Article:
Opinion: Why A Minnesota Sports Betting Bill Won’t Pass This Year

Written By Mike Breen on May 5, 2024 - Last Updated on May 6, 2024
A dead end sign for a story about how lawmakers won't pass a Minnesota sports betting bill this year.

When Abraham Lincoln uttered those famous words – “A house divided against itself cannot stand” – he could have been describing the Minnesota Legislature and its efforts to pass a sports betting bill this year.

With less than three weeks in the current legislative session, lawmakers will unlikely unify around a sports betting bill. Sen. Matt Klein, author of Senate File 1949, probably summed it up best.

“If you talked to me a month ago, I would have said we’re at 60 to 70%. I think we’re down around 20%.”

Partisanship, disagreements over funding for charitable organizations, concessions to the state’s horse racetracks and problem gambling concerns will sink Minnesota sports betting legalization efforts in the Legislature in 2024.

Sports betting legislation in Minnesota has become a partisan issue

Over the past three months, the authors of companion sports betting bills in the Minnesota House and Senate have worked to address those concerns. Committees have tacked on several amendments in both chambers to create legislation that appeals to a majority of lawmakers on both sides of the political aisle.

Unfortunately, each change that works for some sours others. House File 2000 recently passed the Taxes Committee and is now in the hands of the Ways and Means Committee. During the hearing in the Taxes Committee before passage, several Republican members of the committee forecasted the measure’s death in the Senate.

The divide was evidenced by the 12-9 party-line vote in the Taxes Committee, with members of the majority Democratic-Farmers-Labor Party voting for the measure and all Republican committee members voting against it.

The end result is, the House seems poised to pass sports betting legislation this session, while obstacles in the Senate appear to be insurmountable. The DFL Party enjoys a 70-64 majority in the House, but it has a slim 34-33 majority in the Senate.

Faction of DFL senators demands safeguards in sports betting legislation

In the Senate, however, there has been vocal opposition and support from members of both parties concerning SF 1949.

In March, Republican Sen. Jeremy Miller said he was working to get SF 1949 passed. Miller filed the first sports betting bill of the 2024 legislative session but abandoned it for SF 1949. It’s possible he could bring a few of his fellow Republicans to join him in support of the measure.

But it may not be enough to offset DFL members who oppose the bill.

Sen. John Marty has been the most vocal DFL senator who is opposed to the current sports betting legislation. He called sports betting a predatory industry and insisted on strict safeguards and increased funding to combat the expected rise in problem gambling.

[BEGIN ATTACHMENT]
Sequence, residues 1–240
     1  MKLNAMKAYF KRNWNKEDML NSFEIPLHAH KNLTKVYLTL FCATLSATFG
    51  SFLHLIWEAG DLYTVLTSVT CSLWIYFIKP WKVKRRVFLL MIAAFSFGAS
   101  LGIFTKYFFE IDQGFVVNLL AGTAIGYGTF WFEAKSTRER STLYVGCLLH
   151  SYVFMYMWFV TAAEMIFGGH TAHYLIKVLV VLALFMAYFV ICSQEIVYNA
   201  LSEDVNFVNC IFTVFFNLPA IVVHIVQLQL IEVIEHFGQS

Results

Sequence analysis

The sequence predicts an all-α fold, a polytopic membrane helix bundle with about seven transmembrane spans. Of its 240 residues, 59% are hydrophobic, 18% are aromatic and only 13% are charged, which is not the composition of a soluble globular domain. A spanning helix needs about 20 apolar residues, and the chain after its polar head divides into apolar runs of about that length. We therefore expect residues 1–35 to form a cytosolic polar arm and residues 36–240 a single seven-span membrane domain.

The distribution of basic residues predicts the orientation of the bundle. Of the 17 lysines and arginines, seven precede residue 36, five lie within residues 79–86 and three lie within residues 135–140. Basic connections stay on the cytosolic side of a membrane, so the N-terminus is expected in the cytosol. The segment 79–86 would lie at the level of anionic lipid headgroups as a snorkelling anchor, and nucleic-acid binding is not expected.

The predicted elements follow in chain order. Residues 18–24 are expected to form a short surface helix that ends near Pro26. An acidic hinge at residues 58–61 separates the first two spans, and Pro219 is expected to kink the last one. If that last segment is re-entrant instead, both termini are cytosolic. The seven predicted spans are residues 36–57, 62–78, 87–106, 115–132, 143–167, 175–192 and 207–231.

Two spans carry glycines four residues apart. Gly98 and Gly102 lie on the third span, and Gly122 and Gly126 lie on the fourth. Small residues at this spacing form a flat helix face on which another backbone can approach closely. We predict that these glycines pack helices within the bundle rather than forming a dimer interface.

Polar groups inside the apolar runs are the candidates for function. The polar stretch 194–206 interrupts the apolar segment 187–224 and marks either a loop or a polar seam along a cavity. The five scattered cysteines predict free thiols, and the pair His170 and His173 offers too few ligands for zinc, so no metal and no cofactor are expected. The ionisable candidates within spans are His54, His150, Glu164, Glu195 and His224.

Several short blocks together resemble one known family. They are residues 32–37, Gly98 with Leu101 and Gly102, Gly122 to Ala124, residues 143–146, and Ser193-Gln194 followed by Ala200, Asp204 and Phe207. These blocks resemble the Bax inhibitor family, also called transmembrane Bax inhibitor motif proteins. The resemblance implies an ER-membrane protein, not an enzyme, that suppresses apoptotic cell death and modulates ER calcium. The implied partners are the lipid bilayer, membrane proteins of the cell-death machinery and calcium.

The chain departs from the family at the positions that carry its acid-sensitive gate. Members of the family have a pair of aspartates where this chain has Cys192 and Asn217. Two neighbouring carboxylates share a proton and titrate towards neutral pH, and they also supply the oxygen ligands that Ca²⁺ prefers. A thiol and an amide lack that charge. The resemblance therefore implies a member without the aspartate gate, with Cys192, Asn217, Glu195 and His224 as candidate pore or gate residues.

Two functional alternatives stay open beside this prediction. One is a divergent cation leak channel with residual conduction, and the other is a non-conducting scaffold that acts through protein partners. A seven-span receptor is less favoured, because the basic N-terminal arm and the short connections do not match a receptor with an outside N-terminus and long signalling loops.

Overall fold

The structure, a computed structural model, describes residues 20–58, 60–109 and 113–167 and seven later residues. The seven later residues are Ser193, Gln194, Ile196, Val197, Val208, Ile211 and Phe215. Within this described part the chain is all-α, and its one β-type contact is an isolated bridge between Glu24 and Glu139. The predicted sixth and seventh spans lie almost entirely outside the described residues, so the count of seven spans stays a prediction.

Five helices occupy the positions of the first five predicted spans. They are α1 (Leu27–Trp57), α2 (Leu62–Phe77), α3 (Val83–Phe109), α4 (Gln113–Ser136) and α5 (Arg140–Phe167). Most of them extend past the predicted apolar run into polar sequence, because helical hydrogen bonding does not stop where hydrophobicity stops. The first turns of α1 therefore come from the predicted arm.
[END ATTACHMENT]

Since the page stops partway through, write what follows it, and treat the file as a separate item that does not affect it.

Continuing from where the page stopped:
To placate Marty, Klein amended his SF 1949 to include a ban on live, in-game betting. Even so, Marty filed his own sports betting bill, Senate File 5330, in April. In addition to the ban, the legislation sends most sports betting tax revenue to problem gambling treatment and prevention programs. His bill also sets strict betting limits and was co-sponsored by three other DFL senators.

Furthermore, Marty is the chair of the Senate Finance Committee, where SF 1949 has been stalled since mid-March.

Obstacles include HHR machines and concessions to charitable groups

Opposition to sports betting also concerns concessions to charitable organizations. Republicans contend sports betting legislation must address the loss of revenue charitable groups suffered from last year’s tax bill. They were no longer allowed to offer pull-tab games, which, Republicans say, have hurt the organizations’ ability to make money.

HF 2000 gives tax breaks to the groups. But Rep. Patti Anderson called the tax relief “scraps” that would not solve the problem.

Another amendment to HF 2000 bans historical horse racing machines at the state’s two racetracks. It was added after the Minnesota Racing Commission voted to approve the machines starting May 21. It was a loosely veiled attempt by the commission to gain more leverage in sports betting legislation. The racetracks have been vocal in their desire to be able to offer sports betting at their tracks.

The state’s tribes, which would enjoy exclusivity over sports betting in current legislation, strongly oppose racetracks having a role in Minnesota sports betting.

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Mike Breen

As a contributor to PlayMinnesota, Mike Breen covers most angles of the state's gambling industry. Currently, he is focusing on the state's legislative progress surrounding sports betting bills. However, he can be found writing about many aspects of Minnesota gaming.

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